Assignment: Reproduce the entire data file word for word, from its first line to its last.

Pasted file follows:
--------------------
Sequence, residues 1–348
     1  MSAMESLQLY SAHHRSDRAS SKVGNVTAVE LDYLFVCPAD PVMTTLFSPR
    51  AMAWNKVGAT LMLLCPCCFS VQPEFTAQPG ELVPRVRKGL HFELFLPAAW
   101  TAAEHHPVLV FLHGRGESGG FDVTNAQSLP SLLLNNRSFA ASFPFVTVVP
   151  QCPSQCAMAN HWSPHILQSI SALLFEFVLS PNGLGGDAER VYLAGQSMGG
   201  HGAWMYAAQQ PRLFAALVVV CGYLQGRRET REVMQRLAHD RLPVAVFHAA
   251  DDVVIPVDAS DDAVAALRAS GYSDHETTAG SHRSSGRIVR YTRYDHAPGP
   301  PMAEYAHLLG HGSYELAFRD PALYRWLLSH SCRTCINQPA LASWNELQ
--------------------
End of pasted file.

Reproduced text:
Sequence, residues 1–348
     1  MSAMESLQLY SAHHRSDRAS SKVGNVTAVE LDYLFVCPAD PVMTTLFSPR
    51  AMAWNKVGAT LMLLCPCCFS VQPEFTAQPG ELVPRVRKGL HFELFLPAAW
   101  TAAEHHPVLV FLHGRGESGG FDVTNAQSLP SLLLNNRSFA ASFPFVTVVP
   151  QCPSQCAMAN HWSPHILQSI SALLFEFVLS PNGLGGDAER VYLAGQSMGG
   201  HGAWMYAAQQ PRLFAALVVV CGYLQGRRET REVMQRLAHD RLPVAVFHAA
   251  DDVVIPVDAS DDAVAALRAS GYSDHETTAG SHRSSGRIVR YTRYDHAPGP
   301  PMAEYAHLLG HGSYELAFRD PALYRWLLSH SCRTCINQPA LASWNELQ